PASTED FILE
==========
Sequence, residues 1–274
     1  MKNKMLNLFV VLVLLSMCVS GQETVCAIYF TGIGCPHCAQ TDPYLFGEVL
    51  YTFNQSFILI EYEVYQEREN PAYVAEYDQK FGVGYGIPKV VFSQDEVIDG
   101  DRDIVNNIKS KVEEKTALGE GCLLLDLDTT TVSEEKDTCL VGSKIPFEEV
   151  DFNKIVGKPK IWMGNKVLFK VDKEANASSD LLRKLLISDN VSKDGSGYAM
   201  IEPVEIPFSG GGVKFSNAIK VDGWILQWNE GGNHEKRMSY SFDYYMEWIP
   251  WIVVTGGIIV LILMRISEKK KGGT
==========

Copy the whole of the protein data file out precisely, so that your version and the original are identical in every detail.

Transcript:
Sequence, residues 1–274
     1  MKNKMLNLFV VLVLLSMCVS GQETVCAIYF TGIGCPHCAQ TDPYLFGEVL
    51  YTFNQSFILI EYEVYQEREN PAYVAEYDQK FGVGYGIPKV VFSQDEVIDG
   101  DRDIVNNIKS KVEEKTALGE GCLLLDLDTT TVSEEKDTCL VGSKIPFEEV
   151  DFNKIVGKPK IWMGNKVLFK VDKEANASSD LLRKLLISDN VSKDGSGYAM
   201  IEPVEIPFSG GGVKFSNAIK VDGWILQWNE GGNHEKRMSY SFDYYMEWIP
   251  WIVVTGGIIV LILMRISEKK KGGT